In addition to the morphological changes to the musculoskeletal structures of the cervical spine, alterations in the neuromotor and sensory pathways of the cervical spine have been identified in contact sport athletes. For example, alterations in cervical joint position error, cervical strength, and cervical range of motion have been observed in individuals with a history of contact sport participation as well as following exposure to instrumented RHI [13,14,15,16]. Preliminary studies have subsequently linked decreased cervical joint position error, cervical weakness, decreased static posture, and inhibited trunk activation to an increased risk of suffering future injury (e.g., lateral ankle sprain, anterior cruciate ligament tear, concussion) [17,18,19]. These studies highlight preliminary evidence of a relationship between RHI and future injury through alterations in the neuromotor pathways and decreased functional capacities of the cervical spine. The neuromuscular and sensory pathways of the cervical spine and brain form the cervicocephalic connection, which serves as a vital component of postural tone and neuromuscular coordination [20,21,22,23]. Cervical afferent signals work synergistically with efferent motor signals to coordinate the position of limbs throughout sports-related task [20,21,22, 24].

Despite frequent observations of cervical deficits in contact sport athletes, little research has focused on how those morphological changes impact the complex neurological connections between the brain and the cervical spine, which form the cervicocephalic connection. Moreover, limited research has investigated the connection between cervical deficits and prospective musculoskeletal injury risk, despite the strong documented relationships between the cervicocephalic pathways and neuromotor coordination of the limbs [20, 21, 25].

Due to the paucity of research in understanding the direct causal relationship between RHI and subsequent increased cervical dyskinesia, we established the following purposes for this scoping review: (1) Summarize evidence detailing acute and chronic morphological changes to the cervical spine in response to exposure to contact sport participation. (2) Briefly describe the cervicocephalic network and its role in proper maintenance of head position, postural tone, and coordination of the extremities. (3) Summarize existing research pertaining to a theoretical likelihood of an increase in injury risk due to altered cervical sensorimotor function in a useful way for practitioners and other relevant stakeholders. (4) Identify gaps in existing literature detailing the connection between contact sport participation, cervical disability, decreased cervical sensorimotor function, and consequential resultant changes in musculoskeletal injury risk.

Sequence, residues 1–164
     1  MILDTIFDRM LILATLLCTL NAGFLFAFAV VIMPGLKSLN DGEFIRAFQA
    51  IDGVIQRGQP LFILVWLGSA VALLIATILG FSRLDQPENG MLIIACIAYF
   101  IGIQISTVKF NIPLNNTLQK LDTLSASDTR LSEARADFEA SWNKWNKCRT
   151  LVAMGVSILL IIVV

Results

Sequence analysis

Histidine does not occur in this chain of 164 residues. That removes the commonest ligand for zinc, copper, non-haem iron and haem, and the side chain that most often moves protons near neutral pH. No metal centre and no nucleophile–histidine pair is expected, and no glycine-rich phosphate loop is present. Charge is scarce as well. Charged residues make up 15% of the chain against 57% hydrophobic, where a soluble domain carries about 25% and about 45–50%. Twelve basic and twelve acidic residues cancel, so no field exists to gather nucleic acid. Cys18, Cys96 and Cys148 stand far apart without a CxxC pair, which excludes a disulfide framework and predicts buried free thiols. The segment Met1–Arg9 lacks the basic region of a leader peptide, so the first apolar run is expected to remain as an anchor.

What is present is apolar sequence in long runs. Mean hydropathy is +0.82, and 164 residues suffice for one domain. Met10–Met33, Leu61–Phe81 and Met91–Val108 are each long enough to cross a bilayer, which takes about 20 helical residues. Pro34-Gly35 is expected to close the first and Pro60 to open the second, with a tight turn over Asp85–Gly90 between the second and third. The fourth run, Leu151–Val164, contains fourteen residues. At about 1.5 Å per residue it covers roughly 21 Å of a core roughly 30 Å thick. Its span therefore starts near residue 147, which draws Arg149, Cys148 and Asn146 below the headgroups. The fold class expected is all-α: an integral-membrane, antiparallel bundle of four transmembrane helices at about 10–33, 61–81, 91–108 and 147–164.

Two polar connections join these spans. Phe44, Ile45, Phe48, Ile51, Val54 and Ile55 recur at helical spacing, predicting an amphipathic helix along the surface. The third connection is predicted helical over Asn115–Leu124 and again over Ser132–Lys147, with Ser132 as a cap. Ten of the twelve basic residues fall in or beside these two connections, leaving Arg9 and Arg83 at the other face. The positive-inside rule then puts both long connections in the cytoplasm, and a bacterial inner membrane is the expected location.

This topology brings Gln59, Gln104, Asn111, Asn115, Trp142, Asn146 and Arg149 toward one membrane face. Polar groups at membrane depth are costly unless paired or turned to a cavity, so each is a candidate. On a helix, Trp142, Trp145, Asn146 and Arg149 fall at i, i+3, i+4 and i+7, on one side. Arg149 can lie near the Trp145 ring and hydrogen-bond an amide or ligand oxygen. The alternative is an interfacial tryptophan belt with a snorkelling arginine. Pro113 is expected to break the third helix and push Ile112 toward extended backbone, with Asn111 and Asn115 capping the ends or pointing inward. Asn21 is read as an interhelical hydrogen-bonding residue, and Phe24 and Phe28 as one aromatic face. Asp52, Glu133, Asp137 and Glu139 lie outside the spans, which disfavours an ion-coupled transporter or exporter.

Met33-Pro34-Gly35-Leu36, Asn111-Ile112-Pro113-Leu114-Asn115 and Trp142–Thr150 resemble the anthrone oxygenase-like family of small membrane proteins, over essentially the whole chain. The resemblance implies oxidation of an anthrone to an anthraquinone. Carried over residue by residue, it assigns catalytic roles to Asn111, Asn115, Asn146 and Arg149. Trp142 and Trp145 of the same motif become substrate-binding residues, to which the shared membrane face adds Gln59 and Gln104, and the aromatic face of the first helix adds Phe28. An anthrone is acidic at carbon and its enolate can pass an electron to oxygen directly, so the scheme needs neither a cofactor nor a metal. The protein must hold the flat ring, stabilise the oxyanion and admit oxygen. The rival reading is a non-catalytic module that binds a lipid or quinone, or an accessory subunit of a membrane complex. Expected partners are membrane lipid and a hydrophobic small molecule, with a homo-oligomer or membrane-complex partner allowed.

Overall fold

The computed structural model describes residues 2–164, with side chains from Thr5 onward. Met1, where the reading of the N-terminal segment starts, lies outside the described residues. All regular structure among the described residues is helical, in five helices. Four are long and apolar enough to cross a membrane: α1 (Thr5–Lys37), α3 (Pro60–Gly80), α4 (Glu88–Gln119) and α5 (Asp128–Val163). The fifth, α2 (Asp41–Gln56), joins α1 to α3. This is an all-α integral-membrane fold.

We conducted a scoping review, as this approach is superior in addressing an exploratory research question [26,27,28]. Working within the preferred reporting items for Systematic Reviews and Meta-Analyses extension for Scoping Reviews (PRISMA-ScR), we followed the framework of Arksey and O’malley [26], incorporating adaptations from Levac et al. and Joanna Briggs Institute [28, 29]. At the initiation of this review, there were no databases for registering a priori scoping review strategies.

Stage 1: Identify the research question(s)

Research Questions:

  1. 1.

    What is known about damage to the cervical spine and neuropathways in response to contact sport participation?

  2. 2.

    What is the role of cervical sensorimotor function in posture maintenance and neuromuscular control of the extremities?